Axial Wraith Update
So Axial have announced a kit version of the Wraith – click here – which is great news for the UK market as there have been many grumblings from within the forums and clubs that they would buy if there was a kit version so they got their wish. It just goes to show, Axial really do listen to the customer.
The basis of this website feature is the RTR version of the Wraith that will feature in the November issue of the magazine – on sale 6 October. I entered a small club competition with the London Scale Trail Runners to be held at Leith Hill. The Wraith was looking fairly stock, so a few days before some tinkering was done and this included adding a Spektrum receiver to match the latest Spektrum DX3C transmitter sent to me by the guys at Horizon Hobby UK for a future test feature. Don’t get me wrong, the Axial set is fine but adjustability is the key here.
Lower is Better
I scoured the forums for some hints and tips and we found a little trick to lower the ride height by flipping over the connecting links on the axle and this immediately gave a centimetre’s drop. I also replaced the shock oil as the standard stuff was a little bit too thick. Looks came next and I fitted out the rear section with some Plexiglass-style rear windows made from some packaging material and added a host of stickers to them. I also added the Apple sticker to the roof in honour of Steve Jobs who had just announced his retirement from company. Wheels came next and for ease of changing the tyres in the future, I fitted a set of beadlocks from Pro-Line and as these slightly widened the track, this would increase stability during cornering. The Ripsaw tyres were gently coaxed from the old wheels by running a sharp scalpel around the edge to break the glue. I had planned on using a different set of tyres, but couldn’t get hold of them at short notice. Luckily, the competition was suited to the Ripsaws having a mix of sand, dirt, dead leaves and hard rock.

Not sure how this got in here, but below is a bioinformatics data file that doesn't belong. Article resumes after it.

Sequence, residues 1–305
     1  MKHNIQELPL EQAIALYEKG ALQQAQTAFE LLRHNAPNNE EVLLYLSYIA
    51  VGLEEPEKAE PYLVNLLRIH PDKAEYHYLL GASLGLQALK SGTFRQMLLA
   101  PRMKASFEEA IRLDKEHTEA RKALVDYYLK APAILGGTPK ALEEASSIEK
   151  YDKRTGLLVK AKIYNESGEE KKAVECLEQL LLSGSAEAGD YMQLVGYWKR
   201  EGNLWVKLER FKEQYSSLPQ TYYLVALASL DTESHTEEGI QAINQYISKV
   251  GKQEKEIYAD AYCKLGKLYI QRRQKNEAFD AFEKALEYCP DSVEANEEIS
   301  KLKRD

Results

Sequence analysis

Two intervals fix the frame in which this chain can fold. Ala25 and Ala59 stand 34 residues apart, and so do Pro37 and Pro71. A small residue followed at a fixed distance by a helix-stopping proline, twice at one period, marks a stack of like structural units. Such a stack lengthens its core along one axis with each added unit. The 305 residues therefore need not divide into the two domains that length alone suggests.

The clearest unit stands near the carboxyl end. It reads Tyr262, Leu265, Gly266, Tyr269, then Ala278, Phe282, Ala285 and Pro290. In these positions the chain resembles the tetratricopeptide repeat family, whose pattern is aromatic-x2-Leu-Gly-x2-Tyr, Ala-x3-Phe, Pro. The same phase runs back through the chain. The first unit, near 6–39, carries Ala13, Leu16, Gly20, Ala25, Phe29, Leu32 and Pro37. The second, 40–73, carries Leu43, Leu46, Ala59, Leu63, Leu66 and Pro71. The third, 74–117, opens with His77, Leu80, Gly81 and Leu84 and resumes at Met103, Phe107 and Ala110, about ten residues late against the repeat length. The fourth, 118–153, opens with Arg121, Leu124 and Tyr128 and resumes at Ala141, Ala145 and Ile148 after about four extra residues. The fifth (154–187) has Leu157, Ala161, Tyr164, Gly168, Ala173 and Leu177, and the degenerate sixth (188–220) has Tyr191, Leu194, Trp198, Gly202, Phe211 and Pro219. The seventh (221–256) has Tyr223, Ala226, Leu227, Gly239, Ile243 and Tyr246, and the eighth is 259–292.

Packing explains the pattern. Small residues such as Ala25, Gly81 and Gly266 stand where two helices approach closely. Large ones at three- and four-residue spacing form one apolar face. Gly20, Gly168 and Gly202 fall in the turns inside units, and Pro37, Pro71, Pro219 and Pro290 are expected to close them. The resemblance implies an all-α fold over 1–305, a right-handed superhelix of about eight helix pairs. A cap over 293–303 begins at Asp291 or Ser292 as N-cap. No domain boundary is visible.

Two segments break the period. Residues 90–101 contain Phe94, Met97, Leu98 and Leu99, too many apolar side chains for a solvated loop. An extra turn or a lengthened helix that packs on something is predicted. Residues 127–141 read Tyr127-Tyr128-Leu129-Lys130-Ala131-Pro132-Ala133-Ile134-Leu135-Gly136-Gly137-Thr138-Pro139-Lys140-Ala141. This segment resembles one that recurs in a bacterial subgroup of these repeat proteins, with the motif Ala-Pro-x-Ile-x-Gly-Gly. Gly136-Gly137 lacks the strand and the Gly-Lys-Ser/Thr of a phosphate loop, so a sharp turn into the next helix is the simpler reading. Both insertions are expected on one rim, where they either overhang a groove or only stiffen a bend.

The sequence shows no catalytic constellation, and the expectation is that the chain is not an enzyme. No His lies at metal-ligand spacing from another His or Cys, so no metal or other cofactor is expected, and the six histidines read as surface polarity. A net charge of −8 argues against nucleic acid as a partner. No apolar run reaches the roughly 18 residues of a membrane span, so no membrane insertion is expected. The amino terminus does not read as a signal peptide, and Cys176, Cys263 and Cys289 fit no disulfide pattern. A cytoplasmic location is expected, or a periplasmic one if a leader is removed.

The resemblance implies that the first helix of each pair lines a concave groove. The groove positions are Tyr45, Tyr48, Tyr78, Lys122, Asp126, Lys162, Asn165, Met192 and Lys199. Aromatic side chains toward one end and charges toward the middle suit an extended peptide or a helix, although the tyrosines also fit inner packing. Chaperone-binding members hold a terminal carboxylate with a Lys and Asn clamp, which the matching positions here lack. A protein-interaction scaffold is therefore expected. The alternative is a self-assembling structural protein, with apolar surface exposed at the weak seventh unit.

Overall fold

So the Sunday of the competition arrived and a sleep in a tent the night before on Southsea Common in Portsmouth probably didn’t set me off on the best foot. Still, a Little Chef breakfast sorted that out and I soon arrived at the venue. Being a complete scale competition newbie, I was amazed at how many trucks had appeared including another two Wraiths. The 1.9″ class was run first as the course would need to be widened for the 2.2″ models to run through. After watching the smaller class, it really inspired ne to continue my Honcho build which is still ongoing and you will see some results on here soon.
I stepped up to the start line with my score keeper beside me and got through the first couple of gates cleanly, but soon started making mistakes. Having never driven the course with the Wraith, I was finding it hard to pick the lines that meant the rear wheels wouldn’t run over the gate. I think I used everyone of my free reverses, but it was only on the second course where I had my first rollover and had to have the hand of god place my Wraith back onto the course. Now if you think this kind of competition is boring, I urge you to try it – you really have to concentrate and pick your lines well.
And never through the day did I feel like anyone was against me. Even the guys running at the top of the 1.9″ class offered words of encouragement and guidance to get me through the course.
Scale competitions will be the next big thing in RC and I will stake what little reputation I have on it. The London Scale Trail Runners took me under their wing and really made me feel welcome. You can bet your bottom dollar I will be back.
For more info on the London Scale Trail Runners, click here and thanks to Willkrawl from the forum for use of his pictures.